A 9/11 Tribute to LTJG Darin H. Pontel, USN

This 2,996 Tribute is dedicated to Darin Howard Pontell

When Darin Pontell was 14, he decided that he would join the Navy. Lt. Darin H. Pontell, USN  Photo Hosted at BuzznetHis older brother Steven was a Navy pilot, and he was killed in a crash on the USS Lexington off Pensacola, Florida in 1989.

"When that happened, Darin mentioned that he'd like to pick up where his brother Steven left off, to complete the circle," his father, Gary Pontell, said.

Darin Pontell, a native of Arlington Heights who moved with his family to Baltimore in 1985, graduated with honors from the U.S. Naval Academy in Annapolis in 1999. Photo Hosted at BuzznetUpon graduation, he reported to the Navy and Marine Corps Intelligence Training Command in Dam Neck, VA. He was assigned to Carrier Air Wing Seven as the Collections Officer. He was later deployed to the Mediterranean Sea and the Persian Gulf aboard the USS Dwight D. Eisenhower. He received the Armed Forces Expeditionary Medal, Naval Commendation Medal, Navy Achievement Medal and National Defense Service Medal.

Lt. Pontell married Devora Sue Wolk, a lawyer, in March 2001. He began working at the Pentagon in April and celebrated his 26th birthday that August. He and his new bride lived in Gaithersburg, MD.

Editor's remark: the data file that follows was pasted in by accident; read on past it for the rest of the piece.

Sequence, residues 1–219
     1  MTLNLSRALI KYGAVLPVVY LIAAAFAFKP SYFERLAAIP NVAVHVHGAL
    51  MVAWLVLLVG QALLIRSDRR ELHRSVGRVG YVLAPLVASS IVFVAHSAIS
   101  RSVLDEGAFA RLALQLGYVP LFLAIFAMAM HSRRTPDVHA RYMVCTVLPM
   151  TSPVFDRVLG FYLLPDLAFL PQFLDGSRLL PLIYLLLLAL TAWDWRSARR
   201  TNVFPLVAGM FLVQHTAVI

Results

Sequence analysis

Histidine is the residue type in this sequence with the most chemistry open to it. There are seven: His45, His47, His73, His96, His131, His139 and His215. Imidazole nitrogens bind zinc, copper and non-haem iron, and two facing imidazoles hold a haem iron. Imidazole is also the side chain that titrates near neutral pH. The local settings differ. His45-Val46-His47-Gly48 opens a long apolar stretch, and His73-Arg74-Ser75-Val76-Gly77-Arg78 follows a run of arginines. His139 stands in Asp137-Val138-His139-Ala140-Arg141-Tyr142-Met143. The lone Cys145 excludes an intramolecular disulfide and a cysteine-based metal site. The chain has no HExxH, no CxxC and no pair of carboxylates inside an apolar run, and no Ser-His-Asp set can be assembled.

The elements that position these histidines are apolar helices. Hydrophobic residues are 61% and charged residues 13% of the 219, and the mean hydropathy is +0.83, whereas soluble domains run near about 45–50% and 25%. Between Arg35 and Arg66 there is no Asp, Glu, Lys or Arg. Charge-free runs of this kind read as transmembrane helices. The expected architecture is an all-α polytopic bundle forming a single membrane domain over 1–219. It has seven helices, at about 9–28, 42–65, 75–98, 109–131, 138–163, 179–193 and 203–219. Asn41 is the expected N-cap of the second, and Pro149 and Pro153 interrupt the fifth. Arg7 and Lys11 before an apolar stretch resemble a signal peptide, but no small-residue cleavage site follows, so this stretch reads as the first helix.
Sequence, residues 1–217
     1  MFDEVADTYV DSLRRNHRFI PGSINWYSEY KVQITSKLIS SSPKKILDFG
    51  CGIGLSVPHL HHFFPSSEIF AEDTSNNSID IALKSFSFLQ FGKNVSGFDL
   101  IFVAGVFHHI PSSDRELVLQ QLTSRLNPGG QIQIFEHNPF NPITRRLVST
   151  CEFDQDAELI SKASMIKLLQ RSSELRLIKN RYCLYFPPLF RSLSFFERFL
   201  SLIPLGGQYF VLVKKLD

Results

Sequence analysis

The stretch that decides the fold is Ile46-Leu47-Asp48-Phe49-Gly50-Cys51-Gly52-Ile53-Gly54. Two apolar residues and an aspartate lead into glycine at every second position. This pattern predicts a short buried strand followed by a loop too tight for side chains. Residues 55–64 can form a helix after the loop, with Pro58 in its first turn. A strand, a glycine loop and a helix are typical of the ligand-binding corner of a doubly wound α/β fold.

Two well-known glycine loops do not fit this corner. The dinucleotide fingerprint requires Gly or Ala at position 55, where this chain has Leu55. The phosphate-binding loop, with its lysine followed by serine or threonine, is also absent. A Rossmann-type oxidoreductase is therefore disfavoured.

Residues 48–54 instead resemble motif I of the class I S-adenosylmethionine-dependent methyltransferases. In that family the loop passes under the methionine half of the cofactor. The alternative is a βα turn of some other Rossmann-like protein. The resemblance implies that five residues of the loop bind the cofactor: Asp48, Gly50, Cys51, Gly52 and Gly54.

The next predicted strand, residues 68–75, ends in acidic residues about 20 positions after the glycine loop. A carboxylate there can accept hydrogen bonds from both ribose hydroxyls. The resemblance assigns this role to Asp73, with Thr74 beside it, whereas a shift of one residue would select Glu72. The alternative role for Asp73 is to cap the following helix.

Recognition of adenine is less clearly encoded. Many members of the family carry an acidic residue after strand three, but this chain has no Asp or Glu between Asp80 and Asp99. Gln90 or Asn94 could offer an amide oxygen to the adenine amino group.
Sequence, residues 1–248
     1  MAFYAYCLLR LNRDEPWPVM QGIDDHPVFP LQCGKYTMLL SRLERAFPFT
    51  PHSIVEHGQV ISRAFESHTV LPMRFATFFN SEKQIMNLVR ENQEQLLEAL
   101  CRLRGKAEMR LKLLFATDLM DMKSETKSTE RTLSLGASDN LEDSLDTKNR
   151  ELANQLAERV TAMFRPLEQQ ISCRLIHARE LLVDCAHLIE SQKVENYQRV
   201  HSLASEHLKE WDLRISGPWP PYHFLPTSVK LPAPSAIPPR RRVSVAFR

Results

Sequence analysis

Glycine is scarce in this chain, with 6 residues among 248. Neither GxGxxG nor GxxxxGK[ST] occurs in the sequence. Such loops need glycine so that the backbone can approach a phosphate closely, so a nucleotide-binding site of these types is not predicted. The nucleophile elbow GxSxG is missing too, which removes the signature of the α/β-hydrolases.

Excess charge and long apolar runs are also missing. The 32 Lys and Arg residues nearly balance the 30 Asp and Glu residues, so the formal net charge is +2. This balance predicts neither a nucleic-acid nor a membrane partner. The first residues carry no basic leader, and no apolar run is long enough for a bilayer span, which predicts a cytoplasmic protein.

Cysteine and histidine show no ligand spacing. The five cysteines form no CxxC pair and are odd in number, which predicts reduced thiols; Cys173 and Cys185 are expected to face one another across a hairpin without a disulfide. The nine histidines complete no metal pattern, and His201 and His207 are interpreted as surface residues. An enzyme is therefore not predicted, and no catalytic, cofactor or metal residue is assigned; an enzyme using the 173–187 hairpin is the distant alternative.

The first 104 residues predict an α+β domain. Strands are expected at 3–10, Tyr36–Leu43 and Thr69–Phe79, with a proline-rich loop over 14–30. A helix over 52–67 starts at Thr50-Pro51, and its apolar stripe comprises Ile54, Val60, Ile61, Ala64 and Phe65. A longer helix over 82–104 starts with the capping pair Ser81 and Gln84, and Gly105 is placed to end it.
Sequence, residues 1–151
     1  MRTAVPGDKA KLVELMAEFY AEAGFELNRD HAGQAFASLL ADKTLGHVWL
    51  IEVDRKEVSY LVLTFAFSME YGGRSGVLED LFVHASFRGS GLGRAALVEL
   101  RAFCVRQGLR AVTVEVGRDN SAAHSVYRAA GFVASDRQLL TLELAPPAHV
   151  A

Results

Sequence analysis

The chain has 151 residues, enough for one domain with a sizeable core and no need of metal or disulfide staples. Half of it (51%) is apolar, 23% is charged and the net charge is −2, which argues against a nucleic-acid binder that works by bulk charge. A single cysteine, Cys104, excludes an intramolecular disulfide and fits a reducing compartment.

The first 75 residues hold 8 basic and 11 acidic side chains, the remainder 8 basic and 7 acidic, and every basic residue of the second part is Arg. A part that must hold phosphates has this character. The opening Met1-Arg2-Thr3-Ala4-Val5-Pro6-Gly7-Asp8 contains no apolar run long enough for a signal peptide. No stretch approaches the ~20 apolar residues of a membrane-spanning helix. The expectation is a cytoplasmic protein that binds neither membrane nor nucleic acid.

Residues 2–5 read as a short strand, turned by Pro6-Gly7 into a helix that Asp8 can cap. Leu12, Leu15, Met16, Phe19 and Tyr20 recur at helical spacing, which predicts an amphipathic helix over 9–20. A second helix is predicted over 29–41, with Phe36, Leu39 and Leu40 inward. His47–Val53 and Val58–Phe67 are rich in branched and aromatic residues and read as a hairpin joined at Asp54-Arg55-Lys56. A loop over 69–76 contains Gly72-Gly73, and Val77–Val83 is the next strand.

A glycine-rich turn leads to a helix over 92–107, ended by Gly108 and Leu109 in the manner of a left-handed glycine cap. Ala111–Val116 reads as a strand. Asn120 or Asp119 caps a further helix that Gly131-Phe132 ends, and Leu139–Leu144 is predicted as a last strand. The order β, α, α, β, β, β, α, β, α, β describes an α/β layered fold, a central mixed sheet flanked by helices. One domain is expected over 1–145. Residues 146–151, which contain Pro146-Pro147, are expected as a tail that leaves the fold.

"He was thoughtful and generous and wanted to make everyone around him happy," said Devora. " He would do whatever it took to make his family and friends smile."

He was completing his second night of training in a new position with the Chief of Naval Operations Intelligence Plot at the Pentagon on September 11th, 2001. He and six colleagues were piecing together information about the attacks on the World Trade Center when American Airlines Flight 77, a highjacked Boeing 757, crashed into the Pentagon at 9:37 AM. The jet aircraft slammed into the west side of the Pentagon, where the CNO-IP office was located.

Photo Hosted at Buzznet

"When he returned to the Pentagon, we felt he was so safe," his father said. "Who would have thought of the Pentagon as a target?"

"He was a good kid. He liked athletics," his grandfather said, and described him as "a computer wizard. He was smart. He had an awful lot of friends."